With Lincoln’s and Washington’s birthdays just around the corner, schools in New Jersey could be commemorating those events for the last time, at least officially.
If Gov. Jon Corzine signs Assembly Bill 17, which passed both chambers of the legislature unanimously last month, schools throughout the state no longer will be required to hold exercises or conduct instruction commemorating occasions such as Veterans’ Day and Memorial Day, in addition to Washington’s and Lincoln’s birthdays, which are celebrated together as Presidents’ Day.
They will also be exempt from commemorating Arbor Day and Commodore Barry Day, which honors Revolutionary War hero John Barry, who fought in the battles of Trenton and Princeton.
The measure is part of a larger bill intended to curb wasteful and inefficient spending by schools. Districts and schools would be free to celebrate the days as they saw fit, or not at all.
That laissez-faire approach has veterans’ groups seeing red.
“The worst-case scenario is that when they make it optional, no one is going to do it … and the meaning of those holidays will be diminished,” said Raymond L. Zawacki, the department adjutant of the American Legion Department of New Jersey.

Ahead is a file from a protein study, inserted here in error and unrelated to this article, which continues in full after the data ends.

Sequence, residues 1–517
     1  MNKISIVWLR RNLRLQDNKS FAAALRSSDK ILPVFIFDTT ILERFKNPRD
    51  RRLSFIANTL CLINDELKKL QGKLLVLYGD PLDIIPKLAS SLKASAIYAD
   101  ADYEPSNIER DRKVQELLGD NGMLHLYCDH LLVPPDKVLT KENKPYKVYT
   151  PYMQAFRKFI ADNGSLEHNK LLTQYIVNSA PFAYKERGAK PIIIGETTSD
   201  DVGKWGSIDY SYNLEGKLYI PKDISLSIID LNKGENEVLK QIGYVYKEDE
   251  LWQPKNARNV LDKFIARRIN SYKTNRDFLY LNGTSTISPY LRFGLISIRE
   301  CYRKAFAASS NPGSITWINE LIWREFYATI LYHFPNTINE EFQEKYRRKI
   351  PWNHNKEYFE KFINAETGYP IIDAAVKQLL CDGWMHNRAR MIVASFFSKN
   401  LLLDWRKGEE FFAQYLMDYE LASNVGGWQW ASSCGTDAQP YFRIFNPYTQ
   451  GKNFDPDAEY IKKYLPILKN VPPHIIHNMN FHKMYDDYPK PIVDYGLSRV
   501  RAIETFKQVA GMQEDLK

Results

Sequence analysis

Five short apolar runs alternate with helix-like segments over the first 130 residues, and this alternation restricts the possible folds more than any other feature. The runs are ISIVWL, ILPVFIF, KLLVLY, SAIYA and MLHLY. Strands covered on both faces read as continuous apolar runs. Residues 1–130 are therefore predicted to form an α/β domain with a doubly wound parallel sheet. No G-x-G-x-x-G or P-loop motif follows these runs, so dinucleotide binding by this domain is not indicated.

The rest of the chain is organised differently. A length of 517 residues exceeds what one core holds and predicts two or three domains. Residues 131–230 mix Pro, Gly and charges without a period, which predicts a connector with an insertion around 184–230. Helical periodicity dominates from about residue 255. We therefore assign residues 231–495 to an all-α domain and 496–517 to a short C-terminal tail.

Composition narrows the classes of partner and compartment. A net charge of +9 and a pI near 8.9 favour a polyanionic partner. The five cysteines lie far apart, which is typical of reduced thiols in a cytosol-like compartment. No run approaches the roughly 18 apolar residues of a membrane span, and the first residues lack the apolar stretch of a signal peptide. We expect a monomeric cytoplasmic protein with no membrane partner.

His organization, along with other veterans’ organizations, has written the governor asking him not to sign the legislation. The governor’s office was still reviewing the bill last week.
Schools regularly turn to the American Legion to arrange speaking engagements or other activities with veterans to celebrate such holidays, said Mr. Zawacki, a Navy veteran.
The brouhaha over the bill seems to be having an effect.
Assemblywoman Linda R. Greenstein, a Democrat and one of its 10 sponsors, sent a letter to the governor this month, asking him for a conditional veto, which would clear the way for amendments to the law, and for new language requiring schools to commemorate at least some of the days.
“It is imperative that future generations be made aware of [veterans’] contributions,” she wrote in the Jan. 12 letter.
But, she acknowledged, many schools were celebrating the days already and are likely to keep doing so. And the days all remain official state holidays—it’s up to each school system to decide whether schools have the day off.
A version of this article appeared in the January 24, 2007 edition of Education Week